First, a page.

Compared to most students who have been involved in the Senate page program, Rosenberg got an incomparable experience of being able to witness everything which revolved around the impeachment of President Trump. “Impeachment was definitely the most exciting thing that happened and we waited for that the entire time,” Rosenberg said. The Democratic senators who are currently campaigning for the Democratic nomination were rarely in the Senate, so the only time all 100 Senators were present was during impeachment. “Working for all of the Republican senators was a bigger deal during impeachment because all 100 Senators were on the floor,” Rosenberg stated. She had to ensure that she tended to all of their needs amidst the chaos of having everyone present. 

On the first day of impeachment, Speaker of the House Nancy Pelosi walked the articles of impeachment from the House side to the Senate side. “The whole point is you can see from the presiding officer’s seat in the Senate to the presiding officer’s seat in the House, if no one’s in the halls,” Rosenberg stated. “I was on the doors that they walked into and no one was there because they shut down the entire Capitol building,” Rosenberg added. “It was insane—the coolest thing I’ve ever seen!” she exclaimed.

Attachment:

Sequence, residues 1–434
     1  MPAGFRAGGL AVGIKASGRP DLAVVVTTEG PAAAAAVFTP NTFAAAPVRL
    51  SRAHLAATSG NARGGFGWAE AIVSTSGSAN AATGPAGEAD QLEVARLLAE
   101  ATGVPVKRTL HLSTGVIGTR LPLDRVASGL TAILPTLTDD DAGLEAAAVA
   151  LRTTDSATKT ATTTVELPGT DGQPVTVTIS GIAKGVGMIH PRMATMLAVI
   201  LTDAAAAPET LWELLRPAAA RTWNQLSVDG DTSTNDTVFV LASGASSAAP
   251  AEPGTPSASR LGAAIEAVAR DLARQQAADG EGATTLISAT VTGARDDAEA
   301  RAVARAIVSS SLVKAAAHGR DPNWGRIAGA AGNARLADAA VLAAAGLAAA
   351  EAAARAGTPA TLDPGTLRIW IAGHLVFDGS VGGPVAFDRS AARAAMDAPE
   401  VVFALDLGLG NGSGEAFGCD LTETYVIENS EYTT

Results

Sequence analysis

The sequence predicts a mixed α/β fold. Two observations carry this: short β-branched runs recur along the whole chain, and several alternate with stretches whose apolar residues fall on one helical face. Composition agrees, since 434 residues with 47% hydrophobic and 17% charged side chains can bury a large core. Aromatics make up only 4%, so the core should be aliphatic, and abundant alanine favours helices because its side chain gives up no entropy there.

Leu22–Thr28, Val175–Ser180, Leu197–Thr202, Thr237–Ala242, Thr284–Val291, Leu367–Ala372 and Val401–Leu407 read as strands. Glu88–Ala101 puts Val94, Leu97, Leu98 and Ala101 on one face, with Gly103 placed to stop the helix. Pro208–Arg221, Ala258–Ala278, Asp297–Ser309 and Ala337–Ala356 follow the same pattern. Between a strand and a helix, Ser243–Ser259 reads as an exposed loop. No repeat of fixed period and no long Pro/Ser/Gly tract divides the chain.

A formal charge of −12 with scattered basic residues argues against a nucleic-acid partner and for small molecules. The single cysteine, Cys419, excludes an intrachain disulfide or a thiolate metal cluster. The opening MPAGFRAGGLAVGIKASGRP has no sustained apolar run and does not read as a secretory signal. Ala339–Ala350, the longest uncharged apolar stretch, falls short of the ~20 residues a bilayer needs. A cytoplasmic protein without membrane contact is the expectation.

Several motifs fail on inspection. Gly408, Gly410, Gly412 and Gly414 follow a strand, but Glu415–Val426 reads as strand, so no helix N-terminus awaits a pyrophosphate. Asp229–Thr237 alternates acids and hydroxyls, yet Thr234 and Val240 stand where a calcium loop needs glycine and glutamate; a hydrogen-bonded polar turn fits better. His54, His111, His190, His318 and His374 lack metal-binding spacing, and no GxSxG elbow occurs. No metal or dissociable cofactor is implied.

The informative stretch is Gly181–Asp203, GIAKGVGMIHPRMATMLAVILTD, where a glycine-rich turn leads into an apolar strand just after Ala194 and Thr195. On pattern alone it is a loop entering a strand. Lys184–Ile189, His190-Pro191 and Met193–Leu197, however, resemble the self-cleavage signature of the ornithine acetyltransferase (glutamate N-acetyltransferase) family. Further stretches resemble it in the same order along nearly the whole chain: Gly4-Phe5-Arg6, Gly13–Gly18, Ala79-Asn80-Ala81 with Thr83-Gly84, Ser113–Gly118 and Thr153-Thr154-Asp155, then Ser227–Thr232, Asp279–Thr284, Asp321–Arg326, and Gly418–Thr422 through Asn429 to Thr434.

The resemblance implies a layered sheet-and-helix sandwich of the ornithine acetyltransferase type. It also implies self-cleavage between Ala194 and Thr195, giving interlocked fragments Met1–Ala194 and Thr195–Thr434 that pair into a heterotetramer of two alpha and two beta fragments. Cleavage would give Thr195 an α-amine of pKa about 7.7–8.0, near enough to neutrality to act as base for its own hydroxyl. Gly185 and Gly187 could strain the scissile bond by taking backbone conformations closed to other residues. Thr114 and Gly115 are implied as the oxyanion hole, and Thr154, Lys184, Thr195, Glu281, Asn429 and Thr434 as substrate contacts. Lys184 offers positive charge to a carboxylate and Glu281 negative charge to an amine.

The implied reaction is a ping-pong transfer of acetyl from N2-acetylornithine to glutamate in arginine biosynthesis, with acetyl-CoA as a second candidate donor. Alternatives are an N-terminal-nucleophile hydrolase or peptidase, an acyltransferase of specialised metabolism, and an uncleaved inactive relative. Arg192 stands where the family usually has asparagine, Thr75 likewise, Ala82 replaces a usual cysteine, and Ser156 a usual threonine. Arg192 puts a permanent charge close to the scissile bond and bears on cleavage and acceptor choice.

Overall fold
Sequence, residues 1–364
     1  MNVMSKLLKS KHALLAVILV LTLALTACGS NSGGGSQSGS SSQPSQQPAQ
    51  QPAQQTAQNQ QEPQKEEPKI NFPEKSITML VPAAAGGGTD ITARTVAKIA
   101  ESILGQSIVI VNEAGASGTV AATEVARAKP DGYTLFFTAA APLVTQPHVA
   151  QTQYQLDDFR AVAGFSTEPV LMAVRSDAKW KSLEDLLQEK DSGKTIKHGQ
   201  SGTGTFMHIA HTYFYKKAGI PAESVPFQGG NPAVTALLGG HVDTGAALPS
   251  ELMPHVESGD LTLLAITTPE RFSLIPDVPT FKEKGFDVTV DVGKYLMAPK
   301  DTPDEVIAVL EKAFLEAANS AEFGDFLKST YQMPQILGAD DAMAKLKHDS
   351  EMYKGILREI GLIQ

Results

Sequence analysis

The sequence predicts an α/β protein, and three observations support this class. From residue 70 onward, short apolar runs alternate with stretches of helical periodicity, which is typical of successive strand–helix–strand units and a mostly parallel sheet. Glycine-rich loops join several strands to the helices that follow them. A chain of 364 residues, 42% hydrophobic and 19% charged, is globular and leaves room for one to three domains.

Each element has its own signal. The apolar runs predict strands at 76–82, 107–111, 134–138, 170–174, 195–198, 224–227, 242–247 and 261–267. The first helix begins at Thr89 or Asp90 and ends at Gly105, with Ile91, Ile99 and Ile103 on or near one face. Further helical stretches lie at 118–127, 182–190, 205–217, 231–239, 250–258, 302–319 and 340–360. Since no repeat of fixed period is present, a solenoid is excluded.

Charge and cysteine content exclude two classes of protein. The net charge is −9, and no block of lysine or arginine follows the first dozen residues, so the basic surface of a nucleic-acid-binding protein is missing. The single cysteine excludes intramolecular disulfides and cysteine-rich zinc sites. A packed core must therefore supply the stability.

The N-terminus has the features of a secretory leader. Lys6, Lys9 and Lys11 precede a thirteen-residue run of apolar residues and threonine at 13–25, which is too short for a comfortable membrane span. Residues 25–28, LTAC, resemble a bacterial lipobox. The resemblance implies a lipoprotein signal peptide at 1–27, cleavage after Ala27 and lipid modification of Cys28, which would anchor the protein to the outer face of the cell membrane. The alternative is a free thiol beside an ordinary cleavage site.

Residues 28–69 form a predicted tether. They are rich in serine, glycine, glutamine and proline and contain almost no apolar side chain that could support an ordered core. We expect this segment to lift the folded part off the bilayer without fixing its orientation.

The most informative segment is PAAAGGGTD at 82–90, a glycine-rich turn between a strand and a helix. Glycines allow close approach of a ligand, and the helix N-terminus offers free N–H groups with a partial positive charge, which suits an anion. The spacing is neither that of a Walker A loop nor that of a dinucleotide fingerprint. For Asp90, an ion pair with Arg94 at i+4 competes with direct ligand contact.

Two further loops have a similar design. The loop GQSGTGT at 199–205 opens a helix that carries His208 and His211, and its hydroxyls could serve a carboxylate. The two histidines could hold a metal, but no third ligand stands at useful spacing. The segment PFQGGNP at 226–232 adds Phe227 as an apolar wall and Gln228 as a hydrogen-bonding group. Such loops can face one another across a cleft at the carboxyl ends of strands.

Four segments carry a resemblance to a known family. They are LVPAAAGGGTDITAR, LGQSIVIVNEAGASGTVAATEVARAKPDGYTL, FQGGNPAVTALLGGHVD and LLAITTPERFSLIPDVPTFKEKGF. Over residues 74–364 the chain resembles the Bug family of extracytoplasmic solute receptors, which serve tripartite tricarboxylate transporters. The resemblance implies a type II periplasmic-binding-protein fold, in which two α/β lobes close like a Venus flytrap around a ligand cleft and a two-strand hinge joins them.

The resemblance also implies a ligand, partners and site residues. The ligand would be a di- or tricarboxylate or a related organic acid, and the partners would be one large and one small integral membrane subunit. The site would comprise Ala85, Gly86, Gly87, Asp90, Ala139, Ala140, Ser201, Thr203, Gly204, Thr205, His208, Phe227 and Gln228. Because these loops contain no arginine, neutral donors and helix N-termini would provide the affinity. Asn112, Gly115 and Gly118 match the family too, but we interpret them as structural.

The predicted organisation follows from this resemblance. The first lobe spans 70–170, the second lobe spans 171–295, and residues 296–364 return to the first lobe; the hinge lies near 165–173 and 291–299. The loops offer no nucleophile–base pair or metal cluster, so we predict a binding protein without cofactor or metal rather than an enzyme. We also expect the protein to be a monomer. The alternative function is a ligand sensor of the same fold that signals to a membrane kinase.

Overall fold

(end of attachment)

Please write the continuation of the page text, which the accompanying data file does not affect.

Going into the experience of serving as a Senate page, Rosenberg expected to learn a lot about the United States government itself and the happenings in the Senate. Although this was the case, she was struck by the valuable life lessons she learned while living in D.C., outweighing her acquired knowledge about the Senate. For example, the dorm situation was all about learning to live with other people. “I had five roommates and that was not easy all the time,” Rosenberg recalls. Working in the Senate was also Rosenberg’s first real job. “We got paid every two weeks and learned about paying taxes,” she noted. 

Specifically in the Senate, what surprised Rosenberg the most was the fact that all 100 senators were not on the Senate floor all at once all the time. She expected senators to be constantly debating and sitting on the floor, listening to each other give speeches, which was not the case. “One senator walks in, gives a speech, and no one’s in the chamber besides the pages and whoever’s presiding and then they leave and another Senator comes in, gives a speech and then they leave,” Rosenberg explained. 

Another major aspect of politics which Rosenberg learned was how different political views are throughout the country, by region. “It’s something I hadn’t understood because Florida is all I’ve ever known,” Rosenberg noted. “The people I met had such different ideas just because of where they live, which is something I hadn’t thought about,” she continued. The senators gave speeches about things that are important to their constituents, like the agriculture in their state, which can be their entire state’s economy.